Jan Gehl

Architect and Founding Partner, Gehl Architects

Architect Jan Gehl's "people-first" appoach to urban planning has been credited with helping turn Copenhagen into one of the world's most liveable cities. Gehl is currently a senior advisor at Gehl Architects, which he co-founded with Helle Søholt and held a partner position at until 2011. Over the course of his career, Gehl has published several books on improving the quality of urban life through design, including Life Between Buildings, Cities for People, New City Spaces, Public Spaces – Public Life, New City Life, How to Study Public Life and most recently People Cities / Mennesker Først.

Gehl's work has influenced public space improvements in over 50 global cities, including New York, London, Moscow, Copenhagen, Melbourne, and Sydney. He has been awarded numerous national and international awards including ”Sir Patrick Abercrombie Prize for exemplary contributions to Town Planning” by The International Union of Architects and an honorary doctors degree from Heriot-Watt University in Edinburgh. Gehl is an Honorary Fellow of The Danish Institute of Architects, The Royal British Institute of Architects, the American Institute of Architects, the Royal Architectural Institute of Canada, the Royal Incorporation of Scottish Architects and the Planning Institutes of Australia and Ireland.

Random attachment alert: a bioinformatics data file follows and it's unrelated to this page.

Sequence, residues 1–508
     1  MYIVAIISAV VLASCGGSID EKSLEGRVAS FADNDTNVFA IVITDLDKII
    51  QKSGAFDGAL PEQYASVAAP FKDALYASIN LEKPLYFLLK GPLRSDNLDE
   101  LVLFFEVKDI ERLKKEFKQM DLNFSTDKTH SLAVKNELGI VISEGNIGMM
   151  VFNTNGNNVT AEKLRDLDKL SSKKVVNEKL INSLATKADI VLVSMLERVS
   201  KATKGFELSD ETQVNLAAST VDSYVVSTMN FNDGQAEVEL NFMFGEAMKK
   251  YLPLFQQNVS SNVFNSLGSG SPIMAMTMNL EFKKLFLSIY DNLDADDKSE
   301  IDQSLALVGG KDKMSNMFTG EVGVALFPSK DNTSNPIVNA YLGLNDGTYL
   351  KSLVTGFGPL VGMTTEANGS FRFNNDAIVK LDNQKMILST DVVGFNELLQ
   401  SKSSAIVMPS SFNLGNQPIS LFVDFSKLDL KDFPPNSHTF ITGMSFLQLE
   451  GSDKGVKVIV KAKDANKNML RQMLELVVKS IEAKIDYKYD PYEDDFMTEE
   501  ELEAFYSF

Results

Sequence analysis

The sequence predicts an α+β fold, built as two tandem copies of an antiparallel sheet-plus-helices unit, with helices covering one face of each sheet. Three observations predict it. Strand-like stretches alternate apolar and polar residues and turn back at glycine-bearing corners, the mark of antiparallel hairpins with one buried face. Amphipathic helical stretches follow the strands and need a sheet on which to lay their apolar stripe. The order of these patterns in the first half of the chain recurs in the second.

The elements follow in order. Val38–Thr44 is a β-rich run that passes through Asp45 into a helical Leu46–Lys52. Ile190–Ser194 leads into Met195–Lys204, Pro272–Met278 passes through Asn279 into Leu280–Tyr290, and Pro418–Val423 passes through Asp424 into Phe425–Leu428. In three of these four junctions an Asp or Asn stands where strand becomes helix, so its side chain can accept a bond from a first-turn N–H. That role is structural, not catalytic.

Live Event Appearances

Podcast Guest Appearances

Cities for the Future: Where Life Meets Design

Jun 3 2019 - 7:30pm

When Ridley Scott envisioned the dystopian Los Angeles of 2019 in “Blade Runner,” he probably didn’t think about how much energy would be needed to run those flying cars and sky-high animated billboards. Or what all those carbon emissions would be doing to the climate.

We’re now living in the world of 2019. Flying cars are still in the future. But with over half of the global population living in urban centers, and another 2.5 billion expected to join them by 2050, maybe it’s time to take a step backward when it comes to getting around the city.

Cities for the Future

Jun 3 2019 - 7:30pm

When Ridley Scott envisioned the dystopian Los Angeles of 2019 in “Blade Runner,” he probably didn’t think about how much energy would be needed to run those flying cars and sky-high animated billboards. Or what all those carbon emissions would be doing to the climate.

We’re now living in the world of 2019. Flying cars are still in the future. But with over half of the global population living in urban centers, and another 2.5 billion expected to join them by 2050, maybe it’s time to take a step backward when it comes to getting around the city.